The California Legislature is considering bills that would expand the California Coastal Commission's powers and have serious impacts on coastal property owners:
AB 226: This bill authorizes the Commission itself (not just the courts) to impose monetary penalties on property owners who allegedly violate the Coastal Act. Moreover, the bill allows the Commission to keep all penalities paid to augment its budget.
AB 291: The bill would prohibit any property owner with unresolved problems with the Coastal Commission from applying for any permit — regardless of the merits of the Commission's alleged problems with that property owner. The language of the bill reads: "A person who has been issued a notice of intent, cease and desist order, restoration order, or a notice of violation . . . . shall be ineligible to submit an application for a coastal development permit until the violation has been resolved." So, even if the property owner turns out to be right that no violation has occurred, in the interim, the Commission gets the benefit of the doubt and can ban him/her from filing permit applications.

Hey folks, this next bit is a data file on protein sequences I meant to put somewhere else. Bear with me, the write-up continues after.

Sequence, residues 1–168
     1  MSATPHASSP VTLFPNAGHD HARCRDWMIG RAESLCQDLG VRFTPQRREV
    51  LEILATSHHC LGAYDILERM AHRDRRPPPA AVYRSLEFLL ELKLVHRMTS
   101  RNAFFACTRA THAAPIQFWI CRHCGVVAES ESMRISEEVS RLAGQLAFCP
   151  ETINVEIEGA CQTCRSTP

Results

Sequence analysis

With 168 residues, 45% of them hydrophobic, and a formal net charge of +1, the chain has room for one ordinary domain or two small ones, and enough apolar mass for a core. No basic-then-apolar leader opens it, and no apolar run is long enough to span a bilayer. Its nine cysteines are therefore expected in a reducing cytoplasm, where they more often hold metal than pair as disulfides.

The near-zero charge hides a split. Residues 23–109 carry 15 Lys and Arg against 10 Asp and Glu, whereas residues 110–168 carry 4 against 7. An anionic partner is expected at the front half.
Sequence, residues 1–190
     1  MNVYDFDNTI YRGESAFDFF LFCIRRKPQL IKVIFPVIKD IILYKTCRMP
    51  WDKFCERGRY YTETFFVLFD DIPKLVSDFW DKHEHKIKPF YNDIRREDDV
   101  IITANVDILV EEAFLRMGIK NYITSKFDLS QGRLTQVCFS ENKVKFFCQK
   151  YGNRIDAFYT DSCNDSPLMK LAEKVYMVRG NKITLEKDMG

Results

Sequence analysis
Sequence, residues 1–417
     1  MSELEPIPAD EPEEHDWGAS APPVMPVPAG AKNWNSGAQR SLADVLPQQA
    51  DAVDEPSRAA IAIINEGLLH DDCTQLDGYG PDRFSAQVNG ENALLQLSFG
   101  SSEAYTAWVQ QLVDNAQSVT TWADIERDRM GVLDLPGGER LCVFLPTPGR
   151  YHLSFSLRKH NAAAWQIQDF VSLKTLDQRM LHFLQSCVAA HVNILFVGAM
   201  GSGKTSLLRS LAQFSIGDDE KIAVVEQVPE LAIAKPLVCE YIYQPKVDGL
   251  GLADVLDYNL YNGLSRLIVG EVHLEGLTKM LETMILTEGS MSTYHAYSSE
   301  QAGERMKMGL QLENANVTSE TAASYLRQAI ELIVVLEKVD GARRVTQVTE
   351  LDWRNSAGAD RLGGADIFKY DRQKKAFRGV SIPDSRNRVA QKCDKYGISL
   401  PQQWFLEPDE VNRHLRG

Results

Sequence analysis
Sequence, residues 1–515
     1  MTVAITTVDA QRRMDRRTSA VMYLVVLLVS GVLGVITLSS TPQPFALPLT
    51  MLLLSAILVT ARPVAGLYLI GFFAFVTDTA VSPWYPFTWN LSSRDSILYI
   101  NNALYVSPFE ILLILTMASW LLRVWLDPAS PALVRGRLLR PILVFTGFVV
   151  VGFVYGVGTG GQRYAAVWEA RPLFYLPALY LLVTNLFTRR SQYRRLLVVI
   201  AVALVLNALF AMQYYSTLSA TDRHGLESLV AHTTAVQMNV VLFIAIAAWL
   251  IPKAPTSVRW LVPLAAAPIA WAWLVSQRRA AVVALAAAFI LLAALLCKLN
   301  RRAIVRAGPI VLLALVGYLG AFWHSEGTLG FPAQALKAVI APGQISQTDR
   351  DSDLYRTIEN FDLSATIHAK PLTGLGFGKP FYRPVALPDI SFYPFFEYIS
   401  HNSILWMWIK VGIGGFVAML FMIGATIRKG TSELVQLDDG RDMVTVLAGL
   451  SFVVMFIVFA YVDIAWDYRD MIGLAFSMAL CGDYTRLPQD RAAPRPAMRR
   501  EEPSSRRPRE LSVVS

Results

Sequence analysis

Stay tuned for more on these bills, as they make their way through the Legislature.